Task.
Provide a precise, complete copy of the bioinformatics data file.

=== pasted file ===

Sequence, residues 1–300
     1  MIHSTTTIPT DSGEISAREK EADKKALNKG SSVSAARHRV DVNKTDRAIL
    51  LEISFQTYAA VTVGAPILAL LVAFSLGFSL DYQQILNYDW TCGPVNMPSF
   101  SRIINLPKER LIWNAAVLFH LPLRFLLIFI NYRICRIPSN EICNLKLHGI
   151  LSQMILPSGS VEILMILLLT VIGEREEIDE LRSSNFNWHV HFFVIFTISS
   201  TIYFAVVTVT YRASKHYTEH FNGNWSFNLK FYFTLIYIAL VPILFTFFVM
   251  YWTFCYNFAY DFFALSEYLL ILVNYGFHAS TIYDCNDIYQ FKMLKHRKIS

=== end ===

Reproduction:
Sequence, residues 1–300
     1  MIHSTTTIPT DSGEISAREK EADKKALNKG SSVSAARHRV DVNKTDRAIL
    51  LEISFQTYAA VTVGAPILAL LVAFSLGFSL DYQQILNYDW TCGPVNMPSF
   101  SRIINLPKER LIWNAAVLFH LPLRFLLIFI NYRICRIPSN EICNLKLHGI
   151  LSQMILPSGS VEILMILLLT VIGEREEIDE LRSSNFNWHV HFFVIFTISS
   201  TIYFAVVTVT YRASKHYTEH FNGNWSFNLK FYFTLIYIAL VPILFTFFVM
   251  YWTFCYNFAY DFFALSEYLL ILVNYGFHAS TIYDCNDIYQ FKMLKHRKIS